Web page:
It may also be true that, as Wordsworth suggests,  muted forms of past experiences remain. There are historical sites, I haven’t visited, and if I don’t retain the thrill of being able to use them in teaching and research, the experience of discovery is still available.  I had never seen the Freud Museum in Hampstead Heath or the thirteenth century Southwark Cathedral on the South Bank, and the theater remains the finest in the world.

    Freud's House

    Freud’s House

    And, best of all, old friends still live in London. We dined with them under the trees at the Chelsea Arts Club, sipped wine and ate cheese in the arching greenery of Bryanston Square, went out for tapas in trendy Spanish restaurants.  Despite my British friends’ prodigious productivity—one friend has published eleven books!– I always think of  them as dining under trees, sipping wine on flowery decks the size of postage stamps, or lounging by the women’s pool in Hampstead Heath.  Although the dizzy joys of the past are gone, in London I still recover a sense of what it means to live a life that is more balanced, more sensuous, more intensely felt than in the U.S.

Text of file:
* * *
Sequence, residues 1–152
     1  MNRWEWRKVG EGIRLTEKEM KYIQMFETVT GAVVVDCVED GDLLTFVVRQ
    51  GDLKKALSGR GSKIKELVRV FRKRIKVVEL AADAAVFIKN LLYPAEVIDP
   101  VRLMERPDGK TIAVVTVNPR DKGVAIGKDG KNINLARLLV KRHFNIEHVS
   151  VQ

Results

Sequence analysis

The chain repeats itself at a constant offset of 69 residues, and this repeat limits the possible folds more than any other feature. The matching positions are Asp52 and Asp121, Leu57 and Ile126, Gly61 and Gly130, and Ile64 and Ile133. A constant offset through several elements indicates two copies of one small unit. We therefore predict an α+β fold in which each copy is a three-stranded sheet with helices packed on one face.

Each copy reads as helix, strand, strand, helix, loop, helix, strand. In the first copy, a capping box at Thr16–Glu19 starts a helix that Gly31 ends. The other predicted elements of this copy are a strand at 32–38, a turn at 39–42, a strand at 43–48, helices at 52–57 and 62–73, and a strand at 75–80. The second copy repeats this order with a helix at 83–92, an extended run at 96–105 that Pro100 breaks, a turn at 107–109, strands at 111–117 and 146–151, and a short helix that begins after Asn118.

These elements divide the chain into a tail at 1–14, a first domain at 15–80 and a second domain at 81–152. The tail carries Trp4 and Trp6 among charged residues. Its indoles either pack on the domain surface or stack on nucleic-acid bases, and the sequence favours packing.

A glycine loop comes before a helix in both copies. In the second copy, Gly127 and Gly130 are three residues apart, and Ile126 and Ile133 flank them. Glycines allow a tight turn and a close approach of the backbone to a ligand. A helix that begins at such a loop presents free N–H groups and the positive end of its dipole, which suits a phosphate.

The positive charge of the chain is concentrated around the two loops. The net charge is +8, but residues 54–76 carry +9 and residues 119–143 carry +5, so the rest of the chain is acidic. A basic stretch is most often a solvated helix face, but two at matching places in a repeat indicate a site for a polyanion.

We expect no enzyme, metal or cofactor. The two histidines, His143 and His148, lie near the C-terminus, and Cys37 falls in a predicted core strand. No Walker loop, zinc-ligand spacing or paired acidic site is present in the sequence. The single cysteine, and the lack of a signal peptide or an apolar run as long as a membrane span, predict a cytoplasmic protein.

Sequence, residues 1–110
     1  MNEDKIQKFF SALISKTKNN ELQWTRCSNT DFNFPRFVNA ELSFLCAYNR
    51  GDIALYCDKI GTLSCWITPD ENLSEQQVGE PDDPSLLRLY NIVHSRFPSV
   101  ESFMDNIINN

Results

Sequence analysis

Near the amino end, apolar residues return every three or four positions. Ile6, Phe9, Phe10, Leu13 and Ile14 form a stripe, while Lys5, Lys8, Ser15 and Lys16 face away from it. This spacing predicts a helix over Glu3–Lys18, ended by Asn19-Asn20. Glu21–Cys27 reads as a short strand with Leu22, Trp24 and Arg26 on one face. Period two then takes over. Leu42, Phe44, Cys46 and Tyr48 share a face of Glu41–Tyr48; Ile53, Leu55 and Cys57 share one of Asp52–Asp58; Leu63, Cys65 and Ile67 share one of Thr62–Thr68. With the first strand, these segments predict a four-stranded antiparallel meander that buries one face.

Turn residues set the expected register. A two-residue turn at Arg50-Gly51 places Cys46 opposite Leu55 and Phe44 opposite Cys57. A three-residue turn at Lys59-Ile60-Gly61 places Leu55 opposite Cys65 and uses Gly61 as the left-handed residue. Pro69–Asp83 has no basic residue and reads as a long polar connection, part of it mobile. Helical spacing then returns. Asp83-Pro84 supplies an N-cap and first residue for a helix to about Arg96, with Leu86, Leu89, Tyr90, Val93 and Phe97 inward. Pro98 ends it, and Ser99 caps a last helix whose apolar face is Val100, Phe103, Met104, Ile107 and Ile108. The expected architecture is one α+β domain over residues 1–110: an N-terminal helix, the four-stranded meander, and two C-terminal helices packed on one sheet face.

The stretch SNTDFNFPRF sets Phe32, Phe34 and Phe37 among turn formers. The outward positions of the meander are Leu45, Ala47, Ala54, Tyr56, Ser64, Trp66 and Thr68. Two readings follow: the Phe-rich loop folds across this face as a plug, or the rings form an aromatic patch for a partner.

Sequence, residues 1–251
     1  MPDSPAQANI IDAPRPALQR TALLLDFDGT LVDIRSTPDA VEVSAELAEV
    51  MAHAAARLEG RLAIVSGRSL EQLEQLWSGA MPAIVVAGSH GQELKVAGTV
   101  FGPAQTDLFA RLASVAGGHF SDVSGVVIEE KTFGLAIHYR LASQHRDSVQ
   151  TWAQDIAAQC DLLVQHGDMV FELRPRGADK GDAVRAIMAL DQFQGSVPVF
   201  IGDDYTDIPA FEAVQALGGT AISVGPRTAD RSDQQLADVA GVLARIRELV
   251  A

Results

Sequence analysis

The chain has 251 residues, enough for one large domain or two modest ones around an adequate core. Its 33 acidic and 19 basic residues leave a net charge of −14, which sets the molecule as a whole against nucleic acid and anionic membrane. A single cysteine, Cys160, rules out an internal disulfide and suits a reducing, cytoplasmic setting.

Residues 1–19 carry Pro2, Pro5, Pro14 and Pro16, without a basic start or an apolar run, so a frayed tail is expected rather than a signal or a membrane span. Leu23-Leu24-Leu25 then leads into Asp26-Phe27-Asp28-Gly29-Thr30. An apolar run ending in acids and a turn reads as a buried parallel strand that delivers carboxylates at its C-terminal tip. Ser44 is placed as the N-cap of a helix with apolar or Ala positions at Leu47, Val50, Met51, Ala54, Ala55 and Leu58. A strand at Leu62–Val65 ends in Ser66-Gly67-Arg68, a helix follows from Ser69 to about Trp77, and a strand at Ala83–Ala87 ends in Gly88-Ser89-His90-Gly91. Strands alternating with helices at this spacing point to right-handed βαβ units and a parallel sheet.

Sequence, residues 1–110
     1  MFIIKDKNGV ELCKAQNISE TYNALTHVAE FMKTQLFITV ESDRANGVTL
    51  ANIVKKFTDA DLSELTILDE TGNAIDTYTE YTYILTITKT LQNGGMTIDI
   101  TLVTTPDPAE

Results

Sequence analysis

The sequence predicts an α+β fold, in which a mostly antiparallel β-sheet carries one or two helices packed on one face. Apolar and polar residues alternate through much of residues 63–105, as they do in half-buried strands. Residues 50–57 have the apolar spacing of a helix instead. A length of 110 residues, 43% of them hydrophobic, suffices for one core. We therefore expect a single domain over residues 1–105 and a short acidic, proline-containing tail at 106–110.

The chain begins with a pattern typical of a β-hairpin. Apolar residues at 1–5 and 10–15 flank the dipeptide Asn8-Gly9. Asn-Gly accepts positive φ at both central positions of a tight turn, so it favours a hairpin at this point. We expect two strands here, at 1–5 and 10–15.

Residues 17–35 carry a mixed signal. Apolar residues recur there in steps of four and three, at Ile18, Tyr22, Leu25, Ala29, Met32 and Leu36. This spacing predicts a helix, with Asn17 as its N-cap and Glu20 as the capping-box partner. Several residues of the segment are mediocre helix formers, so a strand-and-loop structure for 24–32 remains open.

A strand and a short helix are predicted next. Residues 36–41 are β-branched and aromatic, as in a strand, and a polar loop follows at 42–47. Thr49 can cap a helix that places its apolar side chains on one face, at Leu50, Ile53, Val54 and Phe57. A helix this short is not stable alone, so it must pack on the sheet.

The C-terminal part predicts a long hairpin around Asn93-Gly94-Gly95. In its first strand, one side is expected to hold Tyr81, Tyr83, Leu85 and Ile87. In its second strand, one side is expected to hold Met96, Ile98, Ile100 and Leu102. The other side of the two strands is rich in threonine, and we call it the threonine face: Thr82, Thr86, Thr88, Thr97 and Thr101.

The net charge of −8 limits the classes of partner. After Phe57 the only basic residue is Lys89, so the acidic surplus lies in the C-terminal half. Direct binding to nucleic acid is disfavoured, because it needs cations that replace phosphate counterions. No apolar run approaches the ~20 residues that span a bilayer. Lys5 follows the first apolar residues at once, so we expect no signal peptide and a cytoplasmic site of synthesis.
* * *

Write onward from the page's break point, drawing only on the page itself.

Bryanston Square

    Bryanston Square

    Perhaps it is true, as Wordsworth insists, that despite enormous changes, the raptures of the past still color our experience of the present, that “in our embers” there “is something that doth live/ that nature yet remembers/ what was so fugitive.”

    Readers, what city figures most in your remembrance of things past?



    • It is so beautiful! I would love to go to London! History is so important and change is also. I think when a civilization finds the balance to maintain the beauty of it’s history while naturally evolving, it enriches the society.



    • Wonderful prose travel journey.



    • Thanks so much, Madge!


      • Maya North

      • March 10, 2014 at 10:41 pm
      • Reply

      If this is the only trip to England I will get, it was well worth the journey. Beautifully written, glorious place. Thank you so much!